Home > Security > The DNSSEC Diaries, Ch. 5: Implicit Policies, Explicit Public Keys

The DNSSEC Diaries, Ch. 5: Implicit Policies, Explicit Public Keys

Well, we’ve got something that works.  So, of course we have to muck with it 🙂

The immediate architectural question is whether we should support the storage of full keying data in DNS.  See, right now, we’re just storing the hash of keying data — a nice, fixed size blob that can fit into a text record without much fuss.  There’s a fundamental assumption with this approach:  Any protocol we happen to use, will negotiate a public key (presently inside a certificate) at the application layer.  DNSSEC only needs to be used to validate the data received at that layer.

That happens to be true for most existing protocols, because most existing protocols were designed to interface with X.509.  The classic model is to connect, receive a certificate, and then interrogate that certificate against various requirements like:

  • Is the subject name correct?
  • Do I trust this particular Certificate Authority?
  • Has this certificate expired?
  • Has this certificate been revoked?
  • Are there any policies embedded in this certificate that mean I should reject it despite everything else being in order?

Shockingly, this required a decent amount of expertise to be able to handle correctly.  So most programmers don’t — the amount of software out there that doesn’t even make sure it’s encrypting to the right identity is basically ‘almost everything that isn’t a browser’.  The blame isn’t only on the APIs — certificates are really expensive to deploy organizationally, so a lot of companies just throw up their hands and do what they can.  See:  The Little Black Box project, which archives fixed private keys shipped on devices.

In the new model, all the above requirements effectively get subsumed at the DNSSEC layer.  If the TXT KEY1 record resolves at all, that means:

  • The name was correct
  • The one root — the DNS root — has validated the record
  • The record hasn’t expired
  • Since the record is short lived, it doesn’t need to be revoked.  Revocation basically happens all the time, by default
  • Policies in the TXT KEY1 (Secure-Transport-Security, Secure Renegotiation) are available for review

In other words, most of the complexity around certificate validation disappears; if DNSSEC reports the name was resolved securely, you’re done.  (The cost is that, unlike with certificates, you need to have network access to validate the name.)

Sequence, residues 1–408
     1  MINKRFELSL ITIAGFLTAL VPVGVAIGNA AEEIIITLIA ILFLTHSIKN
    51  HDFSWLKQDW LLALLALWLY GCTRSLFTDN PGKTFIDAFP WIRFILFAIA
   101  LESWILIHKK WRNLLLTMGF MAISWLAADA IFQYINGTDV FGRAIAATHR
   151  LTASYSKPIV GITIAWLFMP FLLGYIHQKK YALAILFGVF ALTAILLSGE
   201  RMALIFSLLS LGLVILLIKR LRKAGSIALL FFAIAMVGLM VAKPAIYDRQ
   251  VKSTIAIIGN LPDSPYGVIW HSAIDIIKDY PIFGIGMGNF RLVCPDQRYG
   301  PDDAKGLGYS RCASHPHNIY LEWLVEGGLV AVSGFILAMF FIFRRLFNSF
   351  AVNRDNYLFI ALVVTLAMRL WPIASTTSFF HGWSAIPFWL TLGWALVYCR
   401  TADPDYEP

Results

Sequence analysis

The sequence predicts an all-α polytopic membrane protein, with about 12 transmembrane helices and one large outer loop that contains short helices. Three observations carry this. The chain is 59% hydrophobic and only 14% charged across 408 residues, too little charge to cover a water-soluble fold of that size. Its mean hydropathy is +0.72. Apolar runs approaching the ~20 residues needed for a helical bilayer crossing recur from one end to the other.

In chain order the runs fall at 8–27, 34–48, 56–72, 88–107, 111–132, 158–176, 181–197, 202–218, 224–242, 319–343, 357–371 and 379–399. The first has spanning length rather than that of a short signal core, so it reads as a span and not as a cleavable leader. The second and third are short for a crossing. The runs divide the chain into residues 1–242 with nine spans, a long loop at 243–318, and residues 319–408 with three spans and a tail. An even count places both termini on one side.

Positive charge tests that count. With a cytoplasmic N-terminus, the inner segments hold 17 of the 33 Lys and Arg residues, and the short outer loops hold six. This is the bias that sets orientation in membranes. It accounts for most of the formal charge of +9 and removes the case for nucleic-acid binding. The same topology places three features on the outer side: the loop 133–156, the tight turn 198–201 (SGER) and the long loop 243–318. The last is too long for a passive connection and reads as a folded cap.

So, you end up with an interesting question:  Why should a protocol even push a certificate at the application layer?  Practically all the interesting semantics that were supposed to be extracted from the certificate are sort of inherited for free from DNS, now that it’s been enhanced with DNSSEC.  So, at least in the common protocol case, why parse a cert?  Why expose oneself to ASN.1, to manually checking policy fields, to all that rigamarole?  In fact, why suffer the application layer burden of moving the cert blob itself?

It’s a legitimate question, and it doesn’t just affect new protocol work.  Google has been investing a tremendous amount in TLS to try to reduce the number of round trips the protocol requires.  See, the more round trips between client and server, the slower the protocol has to be.  If TLS requires the certificate before initiating an encrypted communication, that’s another round trip.

If DNS can remove that round trip, TLS gets faster.  Huzzah!

(Yes, DNS has its own round trips — but DNS, unlike HTTPS or even HTTP, has a site-wide caching layer in front of effectively all users.  It was the failure to support this caching layer that ultimately made DNSCurve not work.)

It’s not just TLS.  Most crypto protocols could be simplified fairly significantly if they had a secure DNSSEC endpoint from which to request key material.  If we’re to win the war on passwords, if we’re to get globalized IPsec security in the cloud, if we’re to get secure email, we desperately need simplification.  Requiring certificates only when necessary, as opposed to any time a public key is needed, is a pretty big win from where I stand.

There are also very nice things that happen to IPSEC, if key material can be directly extracted.  There’s a lot of complexity in IPSEC key exchange, and DNSSEC can potentially drop this entire portion of IPsec’s complexity load.  That’s very nice.

Thus, the first thing I’ll probably be implementing for Phreebird Suite 1.03 is support for inserting full key material into the DNS, instead of just a hash.  This might look something like:

http://www.hospital-link.org IN TXT “v=key1 pka=rsa e=65537 m=ANknyBHye+RFyUa2Y3WDsXd+F0GJgDjxRSegPNnoqABL2
QfQut7t9CymrNwnE+wMwaaZF0LmjSfSgRSwS4L6ssXQuyBZYiijl
rVh9nbBbUbS/brGDz3RyXeaWDP2BnYyrVFfKV9u+BKLrebFCDm
zQ0OpW5Ed1+PPUd91WY6NgKtT”

Not sure if this is the precise format I’ll implement — there are pros and cons to Base64, and I need to do my homework on PKCS1.5 type issues — but I’m convinced that being able to store the raw public key in DNS is useful.  I’ll come closer to a decision as I get closer to writing this code.  (Thanks to John Gilmore, who convinced me that something like this was necessary and helpful.)

What I’m pretty sure about, however, is that I don’t ever want to put full certificates into the DNS.  This has been tried — in fact, there’s an RRTYPE for it: CERT.  A number of implementations have actually gone with CERT, only to abandon the format after a while.  The things are just too big.

So, does that mean DNSSEC can only bootstrap a small amount of trusted data?  No.  Lets talk in the next post about embedding large form data.

Categories: Security
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